Deputy Health Minister Dr Lee Boon Chye said the ministry has developed a five-year Salt Reduction Strategy (2015 to 2020) made up of three core interventions. --BERNAMA

KUALA LUMPUR: The Health Ministry has set a target for the Malaysian population to lower its salt intake by 15 per cent this year to prevent and control non-communicable diseases (NCDs).

Deputy Health Minister Dr Lee Boon Chye said the ministry has developed a five-year Salt Reduction Strategy (2015 to 2020) made up of three core interventions.

“First, to monitor population salt intake and sodium levels in foods. Second, generate awareness about the need to reduce salt intake and the approaches; and third, lower the sodium content of food products through industry engagement, reformulation and labelling schemes,” he added.

Cardiovascular diseases (CVDs), he said, remains a major NCD and is the leading cause of death worldwide.

The World Health Organisation (WHO) estimates that about one in three deaths in the world is due to CVDs; and approximately 75 per cent of these deaths occur in low- and middle-income countries.

Dr Lee said for Malaysia, it is estimated that 73 per cent of total deaths are due to NCDs, and over half of these are due to CVDs.

“Data from our population-based health surveys, the National Health and Morbidity Survey or NHMS, have shown that the prevalence of NCD risk factors continues to rise among Malaysians. This is a very worrying trend for the country.

“One of the key risk factors is hypertension. The worldwide prevalence of hypertension is high. The WHO now estimates that one in three of the world population has hypertension.

“In Malaysia, the prevalence of hypertension in adults aged 18 years and above was 30.3 per cent in 2015 or about 6.1 million adult Malaysians. Out of these, more than half were unaware that they had high blood pressure.”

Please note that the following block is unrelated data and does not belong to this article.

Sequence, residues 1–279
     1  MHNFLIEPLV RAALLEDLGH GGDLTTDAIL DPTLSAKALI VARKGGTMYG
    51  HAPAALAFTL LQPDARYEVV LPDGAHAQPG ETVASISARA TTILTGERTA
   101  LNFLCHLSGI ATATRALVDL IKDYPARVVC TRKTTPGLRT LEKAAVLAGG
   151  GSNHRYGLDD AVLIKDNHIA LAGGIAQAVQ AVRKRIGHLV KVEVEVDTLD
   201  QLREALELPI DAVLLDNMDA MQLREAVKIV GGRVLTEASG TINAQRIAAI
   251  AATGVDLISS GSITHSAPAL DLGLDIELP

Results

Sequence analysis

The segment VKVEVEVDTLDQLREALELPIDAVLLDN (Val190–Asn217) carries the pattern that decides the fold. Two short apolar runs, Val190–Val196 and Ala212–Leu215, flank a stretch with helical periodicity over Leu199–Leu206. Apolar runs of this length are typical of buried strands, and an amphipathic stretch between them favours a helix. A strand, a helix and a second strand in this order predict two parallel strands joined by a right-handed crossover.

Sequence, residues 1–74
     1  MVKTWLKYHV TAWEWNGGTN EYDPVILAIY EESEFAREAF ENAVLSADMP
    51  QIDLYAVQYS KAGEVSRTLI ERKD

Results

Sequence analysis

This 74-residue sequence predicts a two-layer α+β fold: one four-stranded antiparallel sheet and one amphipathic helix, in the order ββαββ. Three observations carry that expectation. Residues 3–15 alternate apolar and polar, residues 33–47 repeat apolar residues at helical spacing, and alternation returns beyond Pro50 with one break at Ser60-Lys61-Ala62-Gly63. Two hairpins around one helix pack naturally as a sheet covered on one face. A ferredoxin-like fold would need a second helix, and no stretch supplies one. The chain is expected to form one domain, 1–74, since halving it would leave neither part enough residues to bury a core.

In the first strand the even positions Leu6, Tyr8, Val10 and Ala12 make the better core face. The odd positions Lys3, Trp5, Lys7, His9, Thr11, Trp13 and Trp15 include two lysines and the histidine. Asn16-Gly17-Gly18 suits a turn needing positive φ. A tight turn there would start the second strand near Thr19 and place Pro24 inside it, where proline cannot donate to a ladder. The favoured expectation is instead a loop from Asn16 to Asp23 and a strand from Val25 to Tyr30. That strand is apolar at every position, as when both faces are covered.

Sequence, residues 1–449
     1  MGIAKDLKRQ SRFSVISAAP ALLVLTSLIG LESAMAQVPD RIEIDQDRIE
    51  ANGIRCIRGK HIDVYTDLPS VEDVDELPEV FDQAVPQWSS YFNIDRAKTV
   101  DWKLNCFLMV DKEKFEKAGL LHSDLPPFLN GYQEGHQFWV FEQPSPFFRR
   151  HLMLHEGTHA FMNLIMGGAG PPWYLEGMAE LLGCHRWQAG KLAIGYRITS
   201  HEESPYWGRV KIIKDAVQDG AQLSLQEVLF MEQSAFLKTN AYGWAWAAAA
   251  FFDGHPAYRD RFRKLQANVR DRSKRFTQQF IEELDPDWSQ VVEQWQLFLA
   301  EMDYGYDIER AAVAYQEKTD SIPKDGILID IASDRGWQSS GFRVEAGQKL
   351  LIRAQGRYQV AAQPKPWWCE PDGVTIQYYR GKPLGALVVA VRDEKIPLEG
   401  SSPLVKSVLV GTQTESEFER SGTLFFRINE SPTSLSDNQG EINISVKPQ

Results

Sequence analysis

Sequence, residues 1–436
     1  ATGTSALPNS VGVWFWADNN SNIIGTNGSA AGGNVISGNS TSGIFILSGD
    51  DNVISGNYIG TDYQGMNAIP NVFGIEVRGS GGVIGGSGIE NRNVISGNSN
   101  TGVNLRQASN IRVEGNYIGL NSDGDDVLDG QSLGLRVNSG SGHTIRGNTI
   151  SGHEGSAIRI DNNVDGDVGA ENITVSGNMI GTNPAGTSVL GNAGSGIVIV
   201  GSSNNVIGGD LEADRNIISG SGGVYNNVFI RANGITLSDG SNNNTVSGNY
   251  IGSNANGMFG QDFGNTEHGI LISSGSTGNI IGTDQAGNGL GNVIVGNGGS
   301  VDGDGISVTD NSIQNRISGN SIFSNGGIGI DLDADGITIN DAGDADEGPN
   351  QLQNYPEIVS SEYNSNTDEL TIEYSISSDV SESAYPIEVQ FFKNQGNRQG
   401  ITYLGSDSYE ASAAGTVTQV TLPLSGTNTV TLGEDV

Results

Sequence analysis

Dr Lee said hypertension is a major contributing factor to heart disease, stroke and kidney disease.

However, the control of hypertension remains below 40 per cent based on the NHMS (2015) as an estimated 80 per cent of patients receive treatment over time.

“In Malaysia, the amount of sodium consumed, mostly in the form of salt, is well above the recommended intake for good health.

“Excess salt intake causes raised blood pressure. In turn, reducing population salt consumption can lower blood pressure.

“(The ministry can) only give a general guideline, as food consumption is the right of the people. We can only advise… what foods you can consume and what you cannot, but we cannot force people to eat healthily.

“The food industry should also look into ways to reduce sodium in food preparation. This (15 per cent reduction) is a realistic goal,” he added.

Dr Lee advised all Malaysians to monitor their blood pressure and take medicines as prescribed, practice a healthy and active lifestyle, and refrain from smoking and consuming alcohol.